Mention deep-hole drilling, and most people think only gundrilling machines for processing gun barrels. But the fact is that deep-hole drilling applies to a much wider array of workpieces that are typically impossible to drill with common CNC machining centers.
Those of us in the deep-hole drilling machine building business are constantly challenged with new and often unique applications that push us way beyond simple gundrilling. In the medical industry for instance, deep-hole drilling machines are used to drill 2.5-mm-diam holes 200-mm deep in titanium and stainless steel components. And while this 80:1 ratio is a difficult aspect of the application, its required tight tolerances for diameter and straightness are what make the process a real challenge—and one only a deep-hole drilling machine can handle.
Another application involving small diameter, deep holes is in the production of fuel system components. Manufacturers producing injector bodies, for example, often need to drill holes that are as small as 1.5 mm in diameter and 80-mm deep at compound angles, while also holding extremely close true position as well as maintaining a specified surface finish that is critical for effective fuel flow. Deep-hole drilling machines also drill 9-mm-diam holes 250 to 800-mm deep in fuel rails where drift is critical to align the fuel passage holes with high pressure ports on each end. Fuel system component projects typically involve high volumes and millions of holes produced using automated deep-hole drilling systems.
Small-diameter deep holes are also common in many larger size workpieces as well, such as plastic injection mold tooling. For these components, today’s advanced five-axis deep-hole drilling and milling systems now generate the dozens of water lines needed in mold tooling components that can weigh 15 tons or more. Hole sizes can range from 9 to 30 mm in diameter and be as deep as 2000 mm. These moldmaking applications are all about feed rate and overall equipment productivity, and today’s deep hole drilling systems with dynamic milling capability drastically reduce setup time and eliminate machining bottlenecks in that very competitive industry.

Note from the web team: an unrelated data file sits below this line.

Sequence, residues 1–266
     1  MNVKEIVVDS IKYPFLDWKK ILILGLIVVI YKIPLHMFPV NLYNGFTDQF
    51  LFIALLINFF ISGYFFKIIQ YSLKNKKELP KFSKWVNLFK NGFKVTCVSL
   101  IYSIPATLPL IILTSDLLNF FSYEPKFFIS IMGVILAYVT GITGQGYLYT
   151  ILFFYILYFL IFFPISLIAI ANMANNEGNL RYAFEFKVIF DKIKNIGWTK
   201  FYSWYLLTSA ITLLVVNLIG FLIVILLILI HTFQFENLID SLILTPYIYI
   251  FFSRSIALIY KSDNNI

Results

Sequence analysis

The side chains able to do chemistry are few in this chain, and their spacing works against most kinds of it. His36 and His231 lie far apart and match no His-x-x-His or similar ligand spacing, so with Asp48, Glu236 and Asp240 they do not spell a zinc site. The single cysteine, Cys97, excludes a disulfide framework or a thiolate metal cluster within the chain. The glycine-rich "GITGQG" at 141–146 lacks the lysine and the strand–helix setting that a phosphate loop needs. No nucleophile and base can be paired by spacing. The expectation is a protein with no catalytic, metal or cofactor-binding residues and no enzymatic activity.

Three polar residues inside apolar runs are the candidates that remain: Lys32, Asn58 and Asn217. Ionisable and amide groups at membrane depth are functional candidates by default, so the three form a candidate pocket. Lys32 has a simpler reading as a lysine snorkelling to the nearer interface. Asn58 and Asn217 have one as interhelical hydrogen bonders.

At the other end of the spectrum, the aerospace industry uses deep-hole drilling technology to generate large diameter holes in workpieces that include precision actuators, turbine shafts and landing gear components such as struts, axles and beams made from specialized alloy steels and titanium.
For a landing gear strut drilling application, Unisig recently developed a deep-hole drilling machine with a 1600-mm swing over bed. The machine drills holes as large as 220 mm in diameter and up to 4-m deep. Additional counter bore steps and bottom form machining operations increase the internal bores to 240 mm, with close diameter tolerances and critical transition geometry between bores.
Another extremely deep-hole drilling application involves drill collars used in the oil and gas industry. These parts are typically around 10 m in length and require extremely accurate bores ranging from 30 to 80 mm in diameter. The part materials are alloy steel or Inconel and require special tooling and machinery to produce very straight holes through the length of the part.
Components for instrumentation used in oil exploration really stretch the limits of today’s deep-hole drilling machine capabilities. Requests for 8-mm-diam holes 4-m deep are not unheard of, and Unisig has developed highly specialized machinery with advanced motion controllers and process monitoring to meet these specific needs.
Increased customer demand for industry-specific processing capabilities along with advancements in tooling have resulted in deep-hole drilling machines packed with more high-end features than ever before, and this includes even entry level machines. Unisig’s lowest cost UNE machines, for instance, have the same process control, live cutting feedback, graphical data logging and other advancements that were originally developed for extremely high-end systems for major projects.
Deep-hole drilling machine OEMs, such as Unisig, continue to advance the level of technology they provide and thus expand the process’s application potential. Today’s deep-hole drilling machines are highly engineered turnkey systems that ensure performance and process stability beyond the simple gundrilling machines of the past.
This article was first published in the April 2016 edition of Manufacturing Engineering magazine.